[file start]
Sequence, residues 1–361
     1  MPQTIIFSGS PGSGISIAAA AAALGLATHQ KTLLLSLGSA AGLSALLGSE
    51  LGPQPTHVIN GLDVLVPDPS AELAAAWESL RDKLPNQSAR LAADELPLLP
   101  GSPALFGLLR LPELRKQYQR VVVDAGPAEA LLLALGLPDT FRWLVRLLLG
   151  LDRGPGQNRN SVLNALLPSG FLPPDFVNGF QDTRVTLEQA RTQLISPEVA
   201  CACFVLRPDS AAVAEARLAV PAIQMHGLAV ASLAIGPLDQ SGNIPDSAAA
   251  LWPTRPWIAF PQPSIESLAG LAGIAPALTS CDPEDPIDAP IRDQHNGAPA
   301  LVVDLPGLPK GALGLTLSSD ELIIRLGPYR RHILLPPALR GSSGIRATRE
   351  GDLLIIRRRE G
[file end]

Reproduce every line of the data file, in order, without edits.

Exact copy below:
Sequence, residues 1–361
     1  MPQTIIFSGS PGSGISIAAA AAALGLATHQ KTLLLSLGSA AGLSALLGSE
    51  LGPQPTHVIN GLDVLVPDPS AELAAAWESL RDKLPNQSAR LAADELPLLP
   101  GSPALFGLLR LPELRKQYQR VVVDAGPAEA LLLALGLPDT FRWLVRLLLG
   151  LDRGPGQNRN SVLNALLPSG FLPPDFVNGF QDTRVTLEQA RTQLISPEVA
   201  CACFVLRPDS AAVAEARLAV PAIQMHGLAV ASLAIGPLDQ SGNIPDSAAA
   251  LWPTRPWIAF PQPSIESLAG LAGIAPALTS CDPEDPIDAP IRDQHNGAPA
   301  LVVDLPGLPK GALGLTLSSD ELIIRLGPYR RHILLPPALR GSSGIRATRE
   351  GDLLIIRRRE G